Big Mac Will Shun Debate

by Jackie Block

East Grinstead Observer Wednesday 2 October, 1996; UK

Press Index

Burger chain McDonald's has turned down the chance to speak at a public meeting on Thursday organised to discuss the controversial scheme to turn the White Lion pub into a drive-thru restaurant.

Mr David Ward, communications officer for London North and South, told the Observer: "We do want to listen to the views of all sections of the local community, but we don't want to attend a large public venue where we would have to give an immediate response.

"We would prefer to listen to people's views, digest them and then respond to their concerns."

Mr Ward said he would like to hear a summary of the objections "in a more controlled environment" and has suggested a meeting of two McDonald's representatives and two from the East Grinstead Coalition Against the McDonald's Plan on neutral territory.

But protestor Richard Tassell said he wanted an open meeting with the public present to hear any comments made.

"It is disappointing, as I wanted McDonald's to put forward their point of view in order to be as fair as possible," he said.

Mr Tassell added that McDonald's will be represented at the meeting in spirit however, as a dummy with Ronald McDonald clown mask will be sitting on stage along with the speakers at the forum, which takes place tomorrow (Thursday) at Meridian Hall, East Court, starting at 7:30pm.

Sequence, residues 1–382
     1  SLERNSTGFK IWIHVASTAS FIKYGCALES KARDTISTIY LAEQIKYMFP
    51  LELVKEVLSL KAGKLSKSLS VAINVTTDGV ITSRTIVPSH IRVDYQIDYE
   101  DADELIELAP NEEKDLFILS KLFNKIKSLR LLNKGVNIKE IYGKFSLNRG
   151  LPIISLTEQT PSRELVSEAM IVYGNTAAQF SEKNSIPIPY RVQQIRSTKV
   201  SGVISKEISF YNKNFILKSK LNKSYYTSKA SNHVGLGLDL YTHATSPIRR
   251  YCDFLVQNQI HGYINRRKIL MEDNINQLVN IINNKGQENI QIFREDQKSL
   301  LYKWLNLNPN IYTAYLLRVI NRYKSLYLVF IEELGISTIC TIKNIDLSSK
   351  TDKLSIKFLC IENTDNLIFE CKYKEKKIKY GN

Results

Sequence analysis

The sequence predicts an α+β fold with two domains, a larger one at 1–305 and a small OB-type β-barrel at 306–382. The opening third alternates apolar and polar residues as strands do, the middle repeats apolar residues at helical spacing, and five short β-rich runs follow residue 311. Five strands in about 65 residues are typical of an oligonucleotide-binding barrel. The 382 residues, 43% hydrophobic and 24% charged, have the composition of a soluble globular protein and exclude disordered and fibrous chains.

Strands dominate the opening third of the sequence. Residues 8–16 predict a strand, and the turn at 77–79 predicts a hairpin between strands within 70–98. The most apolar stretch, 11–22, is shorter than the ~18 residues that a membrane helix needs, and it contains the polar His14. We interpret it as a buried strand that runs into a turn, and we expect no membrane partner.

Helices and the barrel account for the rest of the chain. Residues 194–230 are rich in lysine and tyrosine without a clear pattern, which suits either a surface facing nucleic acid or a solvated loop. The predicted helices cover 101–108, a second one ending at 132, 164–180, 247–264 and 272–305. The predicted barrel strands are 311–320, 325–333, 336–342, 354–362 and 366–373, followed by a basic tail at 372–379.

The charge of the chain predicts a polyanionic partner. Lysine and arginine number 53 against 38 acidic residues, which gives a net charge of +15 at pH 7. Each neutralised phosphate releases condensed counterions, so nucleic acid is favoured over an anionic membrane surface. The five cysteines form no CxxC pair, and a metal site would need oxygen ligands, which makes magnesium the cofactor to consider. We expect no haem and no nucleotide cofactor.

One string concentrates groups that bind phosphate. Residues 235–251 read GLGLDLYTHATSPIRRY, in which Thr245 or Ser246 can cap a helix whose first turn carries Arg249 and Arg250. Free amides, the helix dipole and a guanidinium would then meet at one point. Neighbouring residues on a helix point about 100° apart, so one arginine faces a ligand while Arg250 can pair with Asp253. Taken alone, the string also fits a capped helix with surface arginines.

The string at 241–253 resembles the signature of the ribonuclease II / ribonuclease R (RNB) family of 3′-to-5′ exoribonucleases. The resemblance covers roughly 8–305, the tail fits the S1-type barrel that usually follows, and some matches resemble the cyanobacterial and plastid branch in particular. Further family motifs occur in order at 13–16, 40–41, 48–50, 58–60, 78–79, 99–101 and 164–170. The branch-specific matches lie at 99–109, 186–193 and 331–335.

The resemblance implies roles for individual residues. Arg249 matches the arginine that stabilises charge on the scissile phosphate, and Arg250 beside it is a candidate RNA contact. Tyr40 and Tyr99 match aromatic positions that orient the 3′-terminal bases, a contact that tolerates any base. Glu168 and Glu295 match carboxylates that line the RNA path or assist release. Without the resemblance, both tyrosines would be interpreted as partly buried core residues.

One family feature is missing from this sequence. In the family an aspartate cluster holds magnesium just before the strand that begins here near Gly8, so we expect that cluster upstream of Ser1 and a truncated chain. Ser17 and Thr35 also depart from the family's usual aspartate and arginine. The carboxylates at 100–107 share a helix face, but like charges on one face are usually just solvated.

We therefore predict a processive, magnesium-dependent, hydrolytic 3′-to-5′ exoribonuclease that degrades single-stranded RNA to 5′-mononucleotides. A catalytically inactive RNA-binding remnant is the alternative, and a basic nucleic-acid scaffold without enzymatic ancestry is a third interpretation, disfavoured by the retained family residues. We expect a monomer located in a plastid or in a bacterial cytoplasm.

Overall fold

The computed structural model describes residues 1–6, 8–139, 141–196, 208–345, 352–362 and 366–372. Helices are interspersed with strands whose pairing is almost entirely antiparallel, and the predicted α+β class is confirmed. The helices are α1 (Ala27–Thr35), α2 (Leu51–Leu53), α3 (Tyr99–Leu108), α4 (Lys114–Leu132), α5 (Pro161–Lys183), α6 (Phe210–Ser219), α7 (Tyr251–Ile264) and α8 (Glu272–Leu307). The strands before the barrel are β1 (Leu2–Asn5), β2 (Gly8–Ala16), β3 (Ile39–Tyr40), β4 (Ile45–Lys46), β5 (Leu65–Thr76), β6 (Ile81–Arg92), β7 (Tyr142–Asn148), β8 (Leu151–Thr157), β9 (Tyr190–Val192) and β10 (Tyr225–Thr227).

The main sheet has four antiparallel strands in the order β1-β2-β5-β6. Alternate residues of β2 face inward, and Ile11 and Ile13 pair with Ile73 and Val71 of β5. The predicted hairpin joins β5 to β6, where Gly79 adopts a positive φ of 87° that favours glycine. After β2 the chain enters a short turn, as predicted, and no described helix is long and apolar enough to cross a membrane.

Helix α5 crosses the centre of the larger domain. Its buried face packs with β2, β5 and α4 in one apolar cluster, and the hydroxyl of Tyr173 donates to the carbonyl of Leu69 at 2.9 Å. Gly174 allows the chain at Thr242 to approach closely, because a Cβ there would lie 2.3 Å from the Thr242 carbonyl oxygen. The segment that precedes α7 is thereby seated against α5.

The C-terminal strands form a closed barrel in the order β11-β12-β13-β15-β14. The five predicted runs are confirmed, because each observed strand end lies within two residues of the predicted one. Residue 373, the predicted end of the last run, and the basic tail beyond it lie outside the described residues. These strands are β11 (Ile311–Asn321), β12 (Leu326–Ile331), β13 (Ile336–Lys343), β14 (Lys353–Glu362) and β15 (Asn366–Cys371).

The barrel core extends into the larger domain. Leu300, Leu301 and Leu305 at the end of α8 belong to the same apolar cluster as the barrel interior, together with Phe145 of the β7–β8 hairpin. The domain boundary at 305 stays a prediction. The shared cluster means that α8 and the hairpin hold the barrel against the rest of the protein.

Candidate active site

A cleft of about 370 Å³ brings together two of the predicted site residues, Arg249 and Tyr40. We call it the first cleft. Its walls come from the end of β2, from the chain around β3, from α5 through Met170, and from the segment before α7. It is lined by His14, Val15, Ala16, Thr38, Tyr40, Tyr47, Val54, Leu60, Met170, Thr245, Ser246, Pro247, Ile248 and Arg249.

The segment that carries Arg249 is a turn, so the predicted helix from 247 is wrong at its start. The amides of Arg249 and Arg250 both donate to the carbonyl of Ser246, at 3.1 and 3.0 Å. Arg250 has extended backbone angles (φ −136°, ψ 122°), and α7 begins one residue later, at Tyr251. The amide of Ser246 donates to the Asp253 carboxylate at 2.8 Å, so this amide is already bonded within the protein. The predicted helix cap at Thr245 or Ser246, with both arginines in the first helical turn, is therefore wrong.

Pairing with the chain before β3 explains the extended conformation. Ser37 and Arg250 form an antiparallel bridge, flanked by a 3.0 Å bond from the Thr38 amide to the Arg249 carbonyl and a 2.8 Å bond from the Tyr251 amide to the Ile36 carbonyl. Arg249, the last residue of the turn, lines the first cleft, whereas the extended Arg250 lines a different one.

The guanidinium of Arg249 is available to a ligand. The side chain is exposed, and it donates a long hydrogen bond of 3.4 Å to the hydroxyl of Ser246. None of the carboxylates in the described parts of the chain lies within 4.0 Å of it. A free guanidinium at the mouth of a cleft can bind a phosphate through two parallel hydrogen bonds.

Those scheduled to speak on the plan will be local green campaigner Adrian Salmon and county-councillor Dorothy Hatswell.

Both are expected to object to the plan, which got town council backing on September 9, on environmental and traffic grounds.

Meanwhile, director of the White Lion pub in London Road, Shah Afshar, has said it is almost certain his stepfather Kummas Khazaie will agree to sell the pub to the fast food chain, despite efforts on his part to persuade him otherwise.

"For us, the White Lion is our livelihood but it has never been the about the money - it's about creating a lovely atmosphere and seeing people enjoy themselves," he said.

"We like it here and want to stay, but the decision rests with my step-father, although I will keep trying to change his mind right up to the last minute."

If McDonald's scheme does get the go ahead from the district council, and the pub is sold to the burger chain, then Shah said he would make sure his staff were looked after.

"They are more than staff, they are friends and I have a responsibility towards them," he said.

  • The results of a traffic survey carried out by McDonald's protestors and local schoolchildren on Friday have revealed an increase in traffic using the A22 turn-off towards Sainsburys, compared with before the supermarket was built.

    In a submission to Mid Sussex District Council, Richard Tassell says this information shows that a McDonald's drive-thru is likely to bring as much extra business into the town centre as the supermarket has - ie. little or none.

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